Somalia Humanitarian Crisis Eases but 2 Million Somalis Still Need Aid.
The number of people needing humanitarian assistance in Somalia has dropped by 25 percent to 2 million in the last six months, easing one of the world’s worst humanitarian crises, according to a UN study published today.
But the report, by the Nairobi-based Food Security and Nutrition Analysis Unit, FSNAU of the UN’s Food and Agricultural Organization, FAO with FEWSNET, warned that although Somalia received above average rains, boosting food production and livestock farming, these gains could easily be reversed. This is particularly relevant as the outlook for the next rainy season is poor.
“The current situation indicates an improvement but with 27 percent of the population still in crisis, the needs remain very significant. And if the next rain season is poor, then the numbers in crisis will rise again” said Grainne Moloney, FSNAU’s Chief Technical Advisor.
The recent long rainy season – from April to the end of June – was good. The season, also known as Gu, received above normal rainfall in most of the country, boosting production of maize and sorghum and improving conditions in the livestock sector, the major economic activity of the country.
These findings come after a prolonged drought reduced crop production, killed livestock and pushed 42 percent of Somalia’s 7.5 million people into crisis in 2009, The situation was exacerbated by high food prices and high levels of civil insecurity.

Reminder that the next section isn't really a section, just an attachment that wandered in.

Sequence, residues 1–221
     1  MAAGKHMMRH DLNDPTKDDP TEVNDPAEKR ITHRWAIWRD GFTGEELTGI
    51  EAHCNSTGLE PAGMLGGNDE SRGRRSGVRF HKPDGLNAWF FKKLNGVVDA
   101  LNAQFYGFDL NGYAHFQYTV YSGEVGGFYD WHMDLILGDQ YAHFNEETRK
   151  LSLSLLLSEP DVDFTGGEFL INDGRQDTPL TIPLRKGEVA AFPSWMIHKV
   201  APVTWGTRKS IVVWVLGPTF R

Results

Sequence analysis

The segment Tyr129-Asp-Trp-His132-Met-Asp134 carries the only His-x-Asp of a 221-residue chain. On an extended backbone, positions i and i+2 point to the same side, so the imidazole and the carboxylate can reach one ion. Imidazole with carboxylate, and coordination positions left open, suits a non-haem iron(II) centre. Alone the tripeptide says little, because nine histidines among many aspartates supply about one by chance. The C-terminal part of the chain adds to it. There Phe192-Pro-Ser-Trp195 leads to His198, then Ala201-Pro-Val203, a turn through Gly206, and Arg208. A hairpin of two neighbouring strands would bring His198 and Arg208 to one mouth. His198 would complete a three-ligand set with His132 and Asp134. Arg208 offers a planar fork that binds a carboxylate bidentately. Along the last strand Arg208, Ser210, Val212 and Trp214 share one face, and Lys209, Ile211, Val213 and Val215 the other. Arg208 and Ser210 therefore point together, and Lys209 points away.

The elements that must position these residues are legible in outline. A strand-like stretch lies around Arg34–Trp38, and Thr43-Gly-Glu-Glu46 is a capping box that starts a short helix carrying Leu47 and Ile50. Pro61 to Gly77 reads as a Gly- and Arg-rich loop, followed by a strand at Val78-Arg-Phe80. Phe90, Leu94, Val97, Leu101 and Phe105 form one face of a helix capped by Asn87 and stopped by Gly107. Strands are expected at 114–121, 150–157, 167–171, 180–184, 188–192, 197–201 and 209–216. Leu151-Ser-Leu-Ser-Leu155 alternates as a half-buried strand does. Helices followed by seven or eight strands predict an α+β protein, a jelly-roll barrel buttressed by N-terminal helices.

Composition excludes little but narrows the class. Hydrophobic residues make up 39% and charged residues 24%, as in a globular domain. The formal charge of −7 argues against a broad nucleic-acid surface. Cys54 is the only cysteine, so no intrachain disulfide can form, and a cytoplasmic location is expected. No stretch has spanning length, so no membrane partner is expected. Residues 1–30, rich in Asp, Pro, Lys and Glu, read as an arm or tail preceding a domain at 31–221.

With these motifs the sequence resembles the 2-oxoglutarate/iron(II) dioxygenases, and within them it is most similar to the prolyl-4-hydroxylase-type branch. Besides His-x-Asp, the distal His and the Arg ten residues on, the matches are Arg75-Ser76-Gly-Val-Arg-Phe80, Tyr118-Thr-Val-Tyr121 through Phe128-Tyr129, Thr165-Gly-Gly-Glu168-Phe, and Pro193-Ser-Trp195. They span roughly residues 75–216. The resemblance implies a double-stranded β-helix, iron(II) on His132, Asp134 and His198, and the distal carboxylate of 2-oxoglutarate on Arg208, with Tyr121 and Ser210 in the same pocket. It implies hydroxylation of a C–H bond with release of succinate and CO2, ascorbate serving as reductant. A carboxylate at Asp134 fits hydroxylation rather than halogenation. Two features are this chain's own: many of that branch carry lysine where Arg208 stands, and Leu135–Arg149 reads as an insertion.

“We are seeing some positive indicators in the agricultural sector, yet for the pastoralists in central Hiran regions and parts of the north, they will need many more good seasons of rain to fully recover their herd sizes,” added Grainne. It is estimated that 40 000 pastoralists have recently become destitute following the drought.
The FSNAU — set up by FAO to provide aid agencies with reliable nutrition and food security data from Somalia — also reported that although Somalia’s nutrition situation has slightly improved in the north of the country, 90 percent of the estimated 35 000 severely malnourished children in the country remain in the conflict-stricken South Central zone.
The study also highlighted the needs of the Internally Displaced Populations (IDPs), who have been forced from their homes due to conflict in recent years. The UN estimates that there are 1.41 million IDPs in Somalia. FSNAU reported that the epicentre of the humanitarian crisis continues to be in central and Hiran regions, largely due to the long-term effects of the drought, high food prices and insecurity.
In these regions efforts to meet the immediate needs of the populations are essential to prevent further deterioration. Somalia has been in crisis off an on since 1991 but the situation worsened in March 2007 when fighting resumed.